Dan Sullivan, an electrical engineer and guitar player, has spent nine years and $4 million bucks of investor money getting his Jam­Stik virtual guitar from idea to bona fide product.

Ed Cannon, a successful engineering entrepreneur and investor in JamStik’s parent company, has just helped Sullivan raise another $5 million from individual investors to accelerate production of the made-in-America instrument.

The $300 JamStik goes on sale this month at Apple stores, and is available on Amazon.com and at www.jamstik.com.

This is the big leagues of retail distribution for a small, local company.

Cannon, 62, a long-term investor in several Twin Cities start-up companies, predicts Zivix, JamStik’s parent company will post revenue of about $10 million over the next 12 months.

Essentially, JamStik seeks to make learning and playing the guitar easier for the masses by letting users plug the 15-inch-long device into an Apple iPad or other digital device.

Cannon sold his privately held Cannon Technologies to Cooper Industries in 2006 and became intrigued with the JamStik story. In 2008, he signed on as an investor with Sullivan and that same year as “volunteer CEO.”

Sullivan said Cannon saved the company with his capital, expertise and connections. Cannon brought in his musician son to test out a prototype and also solicited other investors.

“If I hadn’t met Ed, I think I’d still be [trying to put together the JamStik] in my basement,” said Sullivan, a technology whiz who once took a sabbatical in Europe as a street musician.

“I am patient capital,” said the zero-salary Cannon, who threatened facetiously to “double, maybe triple, my salary” if the company generates positive cash flow as expected in September.

“I believe in the people here,” Cannon added in all seriousness. “And we’re adding more good people.”

Sullivan and Cannon, the largest shareholders, also will get rich if JamStik takes off. That could include eventual sale to a larger consumer products company.

“But we’re going to run this company like we’ll own it forever,” Cannon said.

“We believe our current products are just the beginning and we are already engaged in creating derivative [products],” he added. “Faster adoption and innovation could be accomplished by a strategic buyer with deeper pockets and strong consumer product experience.”

Cannon is a veteran entrepreneur and onetime power-company engineer. His former company in the 1980s used paging to advance wireless “power saver” technology, which allows utilities to conserve electrical demand at peak times.

“I’m the electrical engineer who made money turning off the electricity when you want the air conditioning,” said Cannon, a wry quipster. “My dad told me that money is only a tool and not to fall in love with it. So, I’m having fun now investing in start-up companies.”

The JamStik is not for guitar purists, but for the masses who are interested in learning or playing for fun, said Chad Koehler, vice president of business development and a veteran of California-based Activision and its boom-to-bust “Guitar Hero” product.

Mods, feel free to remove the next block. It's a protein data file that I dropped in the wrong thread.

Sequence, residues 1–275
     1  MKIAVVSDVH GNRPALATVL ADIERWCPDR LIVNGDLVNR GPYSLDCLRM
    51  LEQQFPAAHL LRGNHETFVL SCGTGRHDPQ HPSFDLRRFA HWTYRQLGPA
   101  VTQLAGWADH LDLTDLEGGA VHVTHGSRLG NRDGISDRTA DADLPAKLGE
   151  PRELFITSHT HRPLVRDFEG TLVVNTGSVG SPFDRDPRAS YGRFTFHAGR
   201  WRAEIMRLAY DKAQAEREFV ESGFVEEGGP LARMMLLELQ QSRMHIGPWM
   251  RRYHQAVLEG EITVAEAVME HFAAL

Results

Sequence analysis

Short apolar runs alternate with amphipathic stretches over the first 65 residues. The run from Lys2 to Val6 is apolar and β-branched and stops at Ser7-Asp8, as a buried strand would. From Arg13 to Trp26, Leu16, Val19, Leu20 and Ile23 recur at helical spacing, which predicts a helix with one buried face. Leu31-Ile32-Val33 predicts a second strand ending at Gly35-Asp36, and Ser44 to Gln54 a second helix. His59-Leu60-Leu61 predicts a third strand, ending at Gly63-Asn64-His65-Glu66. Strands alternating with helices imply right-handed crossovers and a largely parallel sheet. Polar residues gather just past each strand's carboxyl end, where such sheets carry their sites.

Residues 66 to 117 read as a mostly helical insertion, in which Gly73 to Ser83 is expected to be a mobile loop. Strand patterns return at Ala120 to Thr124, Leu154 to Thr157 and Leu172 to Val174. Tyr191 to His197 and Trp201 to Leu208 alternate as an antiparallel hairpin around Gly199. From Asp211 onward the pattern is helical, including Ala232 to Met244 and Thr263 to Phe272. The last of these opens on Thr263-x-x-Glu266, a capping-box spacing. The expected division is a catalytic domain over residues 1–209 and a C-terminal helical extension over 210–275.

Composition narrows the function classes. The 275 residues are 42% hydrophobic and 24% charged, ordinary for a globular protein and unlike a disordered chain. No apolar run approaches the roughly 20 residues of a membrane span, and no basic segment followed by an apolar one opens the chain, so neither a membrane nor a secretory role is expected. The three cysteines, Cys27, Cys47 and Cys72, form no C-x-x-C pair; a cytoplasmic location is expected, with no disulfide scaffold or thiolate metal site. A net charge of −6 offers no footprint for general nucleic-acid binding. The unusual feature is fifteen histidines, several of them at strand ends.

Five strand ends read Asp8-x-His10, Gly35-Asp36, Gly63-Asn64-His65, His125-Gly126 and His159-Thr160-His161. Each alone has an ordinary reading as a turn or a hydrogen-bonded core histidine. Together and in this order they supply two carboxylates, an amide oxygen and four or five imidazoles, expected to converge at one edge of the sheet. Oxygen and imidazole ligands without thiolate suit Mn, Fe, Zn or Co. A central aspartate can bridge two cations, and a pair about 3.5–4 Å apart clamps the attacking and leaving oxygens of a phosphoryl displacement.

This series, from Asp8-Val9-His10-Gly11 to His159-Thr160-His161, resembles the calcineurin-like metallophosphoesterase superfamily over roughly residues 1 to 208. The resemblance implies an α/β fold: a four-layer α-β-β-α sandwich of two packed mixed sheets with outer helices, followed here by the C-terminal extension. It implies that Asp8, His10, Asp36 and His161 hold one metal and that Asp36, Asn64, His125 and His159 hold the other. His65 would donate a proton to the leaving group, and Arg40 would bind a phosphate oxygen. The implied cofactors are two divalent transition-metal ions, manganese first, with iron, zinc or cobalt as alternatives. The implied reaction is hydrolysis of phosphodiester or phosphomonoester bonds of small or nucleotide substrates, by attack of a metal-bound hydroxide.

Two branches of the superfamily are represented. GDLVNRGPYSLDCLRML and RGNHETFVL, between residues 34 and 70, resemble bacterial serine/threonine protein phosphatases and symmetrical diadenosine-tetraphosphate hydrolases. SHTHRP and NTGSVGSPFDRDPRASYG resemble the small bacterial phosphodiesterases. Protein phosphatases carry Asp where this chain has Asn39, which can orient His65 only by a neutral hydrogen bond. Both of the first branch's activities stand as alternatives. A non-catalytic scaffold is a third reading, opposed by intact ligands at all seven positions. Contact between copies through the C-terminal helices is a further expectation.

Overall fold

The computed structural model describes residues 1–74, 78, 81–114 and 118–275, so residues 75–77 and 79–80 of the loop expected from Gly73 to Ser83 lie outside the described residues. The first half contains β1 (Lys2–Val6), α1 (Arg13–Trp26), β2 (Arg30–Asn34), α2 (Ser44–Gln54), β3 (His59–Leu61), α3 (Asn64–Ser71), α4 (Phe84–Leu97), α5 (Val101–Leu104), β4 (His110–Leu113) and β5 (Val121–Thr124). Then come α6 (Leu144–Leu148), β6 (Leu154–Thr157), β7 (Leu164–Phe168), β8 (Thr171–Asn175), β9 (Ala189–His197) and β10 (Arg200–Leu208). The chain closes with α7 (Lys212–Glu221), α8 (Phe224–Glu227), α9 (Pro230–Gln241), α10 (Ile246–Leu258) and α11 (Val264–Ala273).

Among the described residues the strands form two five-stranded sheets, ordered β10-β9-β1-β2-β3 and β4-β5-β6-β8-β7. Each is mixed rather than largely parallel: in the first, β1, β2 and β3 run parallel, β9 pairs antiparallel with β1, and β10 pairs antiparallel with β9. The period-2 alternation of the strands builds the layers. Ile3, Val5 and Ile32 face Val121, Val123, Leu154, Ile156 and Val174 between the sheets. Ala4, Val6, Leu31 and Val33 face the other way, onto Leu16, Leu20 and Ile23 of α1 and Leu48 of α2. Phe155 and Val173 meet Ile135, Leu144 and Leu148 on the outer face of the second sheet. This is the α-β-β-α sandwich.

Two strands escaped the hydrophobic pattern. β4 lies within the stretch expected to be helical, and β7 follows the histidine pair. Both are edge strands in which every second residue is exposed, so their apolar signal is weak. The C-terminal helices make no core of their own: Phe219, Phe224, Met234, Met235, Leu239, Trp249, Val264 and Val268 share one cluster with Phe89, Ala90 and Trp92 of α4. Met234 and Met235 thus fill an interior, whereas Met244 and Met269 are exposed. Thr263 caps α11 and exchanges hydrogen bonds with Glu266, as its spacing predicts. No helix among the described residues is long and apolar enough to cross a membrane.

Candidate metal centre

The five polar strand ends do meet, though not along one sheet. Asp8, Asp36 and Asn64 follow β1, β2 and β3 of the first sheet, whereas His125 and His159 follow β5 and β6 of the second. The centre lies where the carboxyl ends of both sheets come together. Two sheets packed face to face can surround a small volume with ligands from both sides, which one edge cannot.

With JamStik, the user doesn’t mash buttons. JamStik has strings and frets like a guitar, but makes no sound. It uses electronic sensors to track the vibration of its strings and the movements of a person’s fingers. It sends those digital signals via Wi-Fi to an iPhone, iPad, Windows PC or Apple Macintosh. The Jam­Stik’s digital signals are played as music, without a delay. As as a result of software, it can sound like a guitar, a horn section or a piano.

Zivix’s educational apps display different graphics on the computer screen, teaching consumers where to place their fingers.

The $300 price tag and easy-to-store features also makes it easier for amateurs to travel with the JamStik than a $3,000 guitar.

Popular Science magazine named JamStik one of its top 10 inventions of the year in 2013, mostly based on the way it teaches amateurs how to play the guitar.

Herve Sarteau, a veteran venture capitalist and a Zivix board member, said in an e-mail last week that he invested because it’s a bona fide, unique and “user-centric” way to approach guitar playing that is backed by patents and hailed by industry enthusiasts and consumers. He also believes in the management team.

And 14-employee Zivix, which has been granted several patents for the JamStik, has started to ramp up production at its contract manufacturer, Electronic Systems Inc of South Dakota, a firm Cannon has done business with since the Cannon Technologies days. That could mean up to 25 additional jobs over the next several months.

“It’s not a simple product to manufacture,” said Sullivan, who spent years designing JamStik after he quit a “comfortable” corporate job with a company that bought his last technology firm. “Our product is simple to use, but it’s got a lot of strings and sensors and electronics and a lot of moving parts.”

This 21st century innovation is underway at Zivix’s headquarters in the Minneapolis Warehouse District that more than a century ago was a box factory with indoor stables for the horses.

“I’m very excited to see how Zivix grows and evolves,” Sarteau said.